But this is not news! Frankly, who cares? Journalists do, but I think the public is happy to read non-news stuff. In fact, most people find that type of reporting more interesting that the flashy study of the week.

Or use opportunities to tie it to current events. For example, when major prizes are given out (like the Nobel prize, but also the tiers below it), publish your in-depth reporting the topics. Since often the topics are predictable, you can prepare your reporting carefully and publish it when ready. You don’t even need the topic/person to actually win. In the weeks prior to Nobel Prize week, you can easily put up a few articles on “the contenders and their achievements”.

Finally, let me remark that, for the members of the public who do wish to be informed of cutting-edge science and are willing (perhaps even eager) to put in the mental work of understanding it, there are excellent resources out there. For example, I regularly listen to very good science podcasts on the website. They do a good job of going through the cutting edge stuff in an informed way: they take 30 minutes to go through a paper, not 30 seconds. They won’t ever be mainstream, but that’s the way it should be.

The Dark Looking Glass (Black Mirror fan fiction)

I’m currently in the middle of Black Mirror’s Season 4, I feel that despite it being probably the best show on TV, it starting to repeat the same themes in a way that makes it predictable: brain implants, immersive video games, Siri’s sister, &c.

Thus, I decided to think up a few episodes ideas myself. I felt that the show has not really explored the possibility of better mind-altering drugs, so a couple of random ideas follow.


The Dark Looking Glass Episode 1
Title: What happens in Vegas, stays in Vegas.

A new drug has the following effect: you take it and it has no effects until you go to sleep. Then, it erases the memory of what happened that day, except for vague feelings and emotional affect.

People start taking it for parties. Las Vegas hotels have these organized parties where everyone has to take the drug so that nobody will remember what happens (except for hotel security, who stays sober, but is sworn to secrecy). Society becomes more and more conservative, with wild behaviour confined to these forgetful parties, which themselves become wilder. You fly to Vegas for drug-fueled, sexual bacchanals every few months. Then you forget the details of everything that happened, but still feel liberated and relaxed so you live a conservative lifestyle the rest of the year.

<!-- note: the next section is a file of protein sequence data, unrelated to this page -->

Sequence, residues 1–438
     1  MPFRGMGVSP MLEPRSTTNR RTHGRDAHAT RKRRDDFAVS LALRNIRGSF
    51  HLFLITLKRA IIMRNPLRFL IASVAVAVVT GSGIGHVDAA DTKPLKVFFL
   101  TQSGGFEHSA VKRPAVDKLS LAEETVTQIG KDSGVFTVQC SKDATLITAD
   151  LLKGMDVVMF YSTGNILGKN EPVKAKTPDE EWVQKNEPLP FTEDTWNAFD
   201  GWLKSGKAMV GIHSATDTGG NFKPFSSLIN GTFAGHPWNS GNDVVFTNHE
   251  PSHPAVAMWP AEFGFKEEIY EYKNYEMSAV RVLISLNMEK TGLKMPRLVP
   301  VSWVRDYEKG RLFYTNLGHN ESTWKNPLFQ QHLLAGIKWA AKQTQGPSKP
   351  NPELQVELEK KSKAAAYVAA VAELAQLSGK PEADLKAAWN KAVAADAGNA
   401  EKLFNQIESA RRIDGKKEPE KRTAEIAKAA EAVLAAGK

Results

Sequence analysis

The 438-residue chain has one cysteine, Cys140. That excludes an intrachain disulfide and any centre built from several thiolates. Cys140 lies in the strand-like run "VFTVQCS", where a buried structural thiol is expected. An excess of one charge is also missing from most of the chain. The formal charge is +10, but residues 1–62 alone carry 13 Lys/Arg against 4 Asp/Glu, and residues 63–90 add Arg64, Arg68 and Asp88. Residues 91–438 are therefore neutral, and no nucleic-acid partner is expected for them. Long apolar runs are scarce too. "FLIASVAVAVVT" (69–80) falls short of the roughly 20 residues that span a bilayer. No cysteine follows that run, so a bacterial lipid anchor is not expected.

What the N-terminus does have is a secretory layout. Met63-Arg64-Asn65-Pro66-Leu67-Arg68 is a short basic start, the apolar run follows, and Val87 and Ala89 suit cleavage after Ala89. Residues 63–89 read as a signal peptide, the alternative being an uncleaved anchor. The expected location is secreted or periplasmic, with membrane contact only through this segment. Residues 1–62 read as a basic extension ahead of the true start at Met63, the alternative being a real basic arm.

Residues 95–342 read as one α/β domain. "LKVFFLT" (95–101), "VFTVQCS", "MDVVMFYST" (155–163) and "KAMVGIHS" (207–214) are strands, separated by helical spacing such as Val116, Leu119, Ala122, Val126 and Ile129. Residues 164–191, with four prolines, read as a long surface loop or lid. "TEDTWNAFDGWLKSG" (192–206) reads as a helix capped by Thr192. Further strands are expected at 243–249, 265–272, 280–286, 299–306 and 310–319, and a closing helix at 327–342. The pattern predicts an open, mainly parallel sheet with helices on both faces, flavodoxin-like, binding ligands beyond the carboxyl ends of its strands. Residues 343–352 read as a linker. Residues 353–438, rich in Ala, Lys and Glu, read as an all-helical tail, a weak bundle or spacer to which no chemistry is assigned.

At one of these parties, a group of friends (in their 50’s, typical middle-class Americans) have their regular sexual orgy (“do you think this is what we do every time?” asks a woman to a man who is not her husband while they have sex).

Then, a freak accident kills the sober security so that everyone at the party is under the forgetful drug.

Once they realize that they are now truly and completely free, a husband kills a wife; a wife kills her lover. Another man is left for dead, but survives. People run, scramble, hide. Eventually, everyone collapses of exhaustion; thus triggering the drug’s effect. The next day, they wake up afraid, terrified, but nobody knows why. The bodies are discovered, the police is called. Nobody knows who killed whom, who beat up the barely-alive man on the floor. The police cannot make any headway either: the whole house is a mess, everyone was there, the murder weapons are at the bottom of the pool.

The orgy participants know that some of them killed others, that somebody beat somebody up, but nobody knows who the killers are (if there is more than one). As local police are both stuck and embarrassed (they were supposed to provide security and failed), the survivors are let go from Vegas and fly back to suburban Atlanta. To help their teenage kids with their homework.

The Dark Looking Glass, Episode 2
Title: Japan

Open with Lithium, by Nirvana.

Society adds a drug to the water that makes everyone be nicer. Crime becomes almost non-existent, wars disappear (diplomatic solutions are sought after and found), things are good. A group of natural water advocates, however, starts drinking normal, non-drugged water. Think organic-eating yoga mom, not gun wielding libertarian. They are accepted by society as everyone is so nice and tolerant.

As this group of hippies lives without the drug, they talk about having more complete feelings and the euphoria. It takes months to years for the drug to fully wash out of your system, though. As it does, it becomes clear that adults having strong emotions without a lifetime of learning how to manage them is not a good idea and they become violent. Society is completely unprepared for it. The police are not armed, even with a stick, as disputes were always dealt with by reasoning before. Psychologically, nobody knows what to do.

The only solution is to force everyone to take the drug. After thousands more deaths, the makeshift police force does overwhelm the rebels and drug them.

Peace is restored.

Numpy/scipy backwards stability debate (and why freezing versions is not the solution)

This week, a discussion broke out about the stability of the Python scientific ecosystem. It was triggered by a blogpost from Konrad Hinsen, which led to several twitter follow ups.

First of all, let me  say that numpy/scipy are great. I use them and recommend them all the time. I am not disparaging the projects as a whole or the people who work on them. It’s just that I would prefer if they were stabler. Given twitter’s limitations, perhaps this was not as clear as I would like on my own twitter response: